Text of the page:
The second important difference is of course the operating system. The iPad2 ties you down to the Apple ecosystem, with its restrictions, and of course, some conveniences. The Android 3 Honeycomb operating system, on the hand, is drawn from the open source world.

In effect, it means that you can play any sort of file on the latter, while the iPad2 imposes restrictions on the kind of files that you can play — in an effort to make sure that you actually paid for the movie that you are trying to see on it.

Being based on Android, the Xoom is also more likely to be support a high number of accessories, such as wireless keyboards and mice, that can convert the tablet into a desktop once you reach office. The iPad2, of course, will work with Apple’s own wireless keyboards etc.. and may even support the others, but Android has an edge in this matter.

There are also reports that the Honeycomb interface is zippier and more responsive than the iPad’s iOS interface, though this may be a subjective preference.

And finally, one comes to perhaps one of the most important aspects of tablets — their weight. While a few hundred grams here and there on your laptop will not kill you or make the laptop unusable, the tablet differs in this respect.

Unlike a netbook or laptop, the tablet is widely used for reading, especially in a lying position and is often held up high in one hand to read off from.

This is a factor that many first-time tablet buyers often ignore, only to find out later that they have developed wrist pain from trying to hold the thing up while reading. The original iPad weighed 730 grams, quite a load on the wrist.

But the iPad2 was slimmed down to beat the bulk and now comes in at just 607 gm — decent, but still kind of heavy. The Xoom, however, still clocks in at the old iPad weight — 730 gm.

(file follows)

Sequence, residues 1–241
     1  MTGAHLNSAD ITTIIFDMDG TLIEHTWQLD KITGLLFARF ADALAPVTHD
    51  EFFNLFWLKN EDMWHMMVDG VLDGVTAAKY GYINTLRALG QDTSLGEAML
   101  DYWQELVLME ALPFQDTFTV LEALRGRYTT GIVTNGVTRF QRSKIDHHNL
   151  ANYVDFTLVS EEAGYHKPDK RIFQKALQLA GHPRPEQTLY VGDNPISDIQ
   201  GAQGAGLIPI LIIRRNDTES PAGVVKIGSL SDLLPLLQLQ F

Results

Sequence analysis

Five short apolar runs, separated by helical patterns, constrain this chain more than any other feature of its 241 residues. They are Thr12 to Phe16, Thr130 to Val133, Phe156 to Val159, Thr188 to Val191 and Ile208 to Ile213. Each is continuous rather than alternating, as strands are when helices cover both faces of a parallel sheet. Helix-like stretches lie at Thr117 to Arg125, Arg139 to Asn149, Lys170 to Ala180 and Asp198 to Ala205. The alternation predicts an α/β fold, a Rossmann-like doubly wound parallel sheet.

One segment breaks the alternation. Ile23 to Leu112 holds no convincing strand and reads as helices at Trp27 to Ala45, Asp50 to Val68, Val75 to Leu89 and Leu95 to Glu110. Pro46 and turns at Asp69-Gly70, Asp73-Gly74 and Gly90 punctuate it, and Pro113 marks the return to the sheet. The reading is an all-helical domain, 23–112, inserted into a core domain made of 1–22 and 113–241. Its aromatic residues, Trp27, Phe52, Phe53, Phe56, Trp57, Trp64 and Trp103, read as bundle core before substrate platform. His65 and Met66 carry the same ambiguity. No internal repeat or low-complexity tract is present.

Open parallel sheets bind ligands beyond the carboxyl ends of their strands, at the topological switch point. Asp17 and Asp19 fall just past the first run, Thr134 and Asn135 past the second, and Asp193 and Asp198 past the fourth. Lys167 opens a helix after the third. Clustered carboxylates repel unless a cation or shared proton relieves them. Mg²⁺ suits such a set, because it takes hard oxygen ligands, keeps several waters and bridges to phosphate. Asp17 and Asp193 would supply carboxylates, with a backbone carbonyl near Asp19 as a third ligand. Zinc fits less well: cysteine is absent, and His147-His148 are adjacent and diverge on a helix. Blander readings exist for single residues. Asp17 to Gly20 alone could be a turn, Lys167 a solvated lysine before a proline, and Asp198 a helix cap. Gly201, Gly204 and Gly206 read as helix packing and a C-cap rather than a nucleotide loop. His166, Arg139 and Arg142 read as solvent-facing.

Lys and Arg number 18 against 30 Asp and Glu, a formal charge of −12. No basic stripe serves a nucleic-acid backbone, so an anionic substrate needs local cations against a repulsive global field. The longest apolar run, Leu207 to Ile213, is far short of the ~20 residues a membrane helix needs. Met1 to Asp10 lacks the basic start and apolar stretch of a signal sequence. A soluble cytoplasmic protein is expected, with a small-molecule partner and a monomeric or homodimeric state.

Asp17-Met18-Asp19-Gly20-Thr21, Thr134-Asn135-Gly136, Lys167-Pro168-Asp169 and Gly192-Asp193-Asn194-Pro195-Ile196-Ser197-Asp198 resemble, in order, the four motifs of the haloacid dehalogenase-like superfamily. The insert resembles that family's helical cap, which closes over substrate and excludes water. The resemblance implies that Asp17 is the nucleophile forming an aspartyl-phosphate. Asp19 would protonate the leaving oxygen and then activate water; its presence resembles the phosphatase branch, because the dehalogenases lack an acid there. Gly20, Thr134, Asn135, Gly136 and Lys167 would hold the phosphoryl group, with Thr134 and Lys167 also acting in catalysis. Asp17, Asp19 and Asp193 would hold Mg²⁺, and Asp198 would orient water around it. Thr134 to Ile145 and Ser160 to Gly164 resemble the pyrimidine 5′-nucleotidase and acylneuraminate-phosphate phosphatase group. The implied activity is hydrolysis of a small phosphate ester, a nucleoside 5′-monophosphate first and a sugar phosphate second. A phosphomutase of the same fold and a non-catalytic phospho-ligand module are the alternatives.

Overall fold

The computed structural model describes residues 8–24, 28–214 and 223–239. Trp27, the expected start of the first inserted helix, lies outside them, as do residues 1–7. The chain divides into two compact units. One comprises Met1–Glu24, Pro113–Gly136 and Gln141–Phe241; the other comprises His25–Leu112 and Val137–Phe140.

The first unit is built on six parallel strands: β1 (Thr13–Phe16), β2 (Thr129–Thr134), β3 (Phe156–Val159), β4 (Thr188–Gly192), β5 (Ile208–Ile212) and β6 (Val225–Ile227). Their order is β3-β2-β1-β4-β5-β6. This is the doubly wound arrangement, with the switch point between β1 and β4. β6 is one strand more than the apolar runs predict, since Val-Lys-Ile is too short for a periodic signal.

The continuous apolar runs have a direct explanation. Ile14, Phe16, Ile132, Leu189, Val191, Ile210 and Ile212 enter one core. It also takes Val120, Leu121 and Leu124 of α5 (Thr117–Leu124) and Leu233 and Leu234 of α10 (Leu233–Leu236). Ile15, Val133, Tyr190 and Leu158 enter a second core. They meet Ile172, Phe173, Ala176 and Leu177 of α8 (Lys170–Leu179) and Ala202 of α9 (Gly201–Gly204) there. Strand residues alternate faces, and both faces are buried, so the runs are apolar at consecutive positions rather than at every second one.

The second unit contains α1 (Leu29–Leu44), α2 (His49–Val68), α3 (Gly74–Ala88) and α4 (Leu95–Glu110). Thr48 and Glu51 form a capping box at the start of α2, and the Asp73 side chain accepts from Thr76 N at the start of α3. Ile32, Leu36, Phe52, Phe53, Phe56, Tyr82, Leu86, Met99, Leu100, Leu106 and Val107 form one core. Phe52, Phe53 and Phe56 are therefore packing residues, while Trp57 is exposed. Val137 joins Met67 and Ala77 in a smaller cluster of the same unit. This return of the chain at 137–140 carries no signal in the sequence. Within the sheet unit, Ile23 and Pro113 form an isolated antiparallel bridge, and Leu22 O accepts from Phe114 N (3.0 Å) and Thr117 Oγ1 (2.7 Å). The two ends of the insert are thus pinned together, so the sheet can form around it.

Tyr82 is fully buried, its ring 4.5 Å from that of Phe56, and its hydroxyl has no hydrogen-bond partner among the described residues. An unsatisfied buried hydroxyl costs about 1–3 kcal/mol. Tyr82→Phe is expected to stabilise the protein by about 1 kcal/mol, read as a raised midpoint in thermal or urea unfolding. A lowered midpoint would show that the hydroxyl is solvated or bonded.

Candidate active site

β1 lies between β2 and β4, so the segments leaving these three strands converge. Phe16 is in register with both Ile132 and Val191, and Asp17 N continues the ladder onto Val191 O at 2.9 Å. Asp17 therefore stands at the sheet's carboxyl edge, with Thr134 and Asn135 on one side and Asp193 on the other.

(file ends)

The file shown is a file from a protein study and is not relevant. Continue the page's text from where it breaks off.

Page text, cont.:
So, unless you really care about software freedom and playing anything you want, iPad2 is probably a better choice between the two.

If you really want an Android tablet or you intend to use the device for a lot of reading, then you might want to wait for around 4-5 weeks more for Samsung to come out with its new 8.9 and 10 inch tablet.

The 8.9 inch Galaxy Tab, which is likely to cost around Rs 2,000-4,000 less than the iPad2 or Xoom, weighs just 470 grams and has all the features that both the above tablets have. In addition, it may actually have faster 3G speeds as well.

Or you can wait for the the Samsung Galaxy tab 10 inch, which too is expected to be launched in India in July.

Besides, while the iPad2 has a 0.7 megapixel camera, the Xoom has a 5 megapixel one and the 8.9 inch Samsung Galaxy Tabs will have 3.15 megapixel cameras. Both of the big Galaxy Tabs will support upto 21 Mbps of 3G speed — higher than the others.

The best thing, perhaps, about the Galaxy Tab 10.1 inch is its weight — 589 grams, or less than the iPad2, while offering similar battery life.

All this, however, only if you are serious about using the tablet for reading. If not and especially if you are a rough user, Xoom is a good choice as it is tougher than the other two — thanks in part to the extensive use of metal in the body. Both Samsung and iPad are both predominantly plastic builds, which helps them keep the weight down.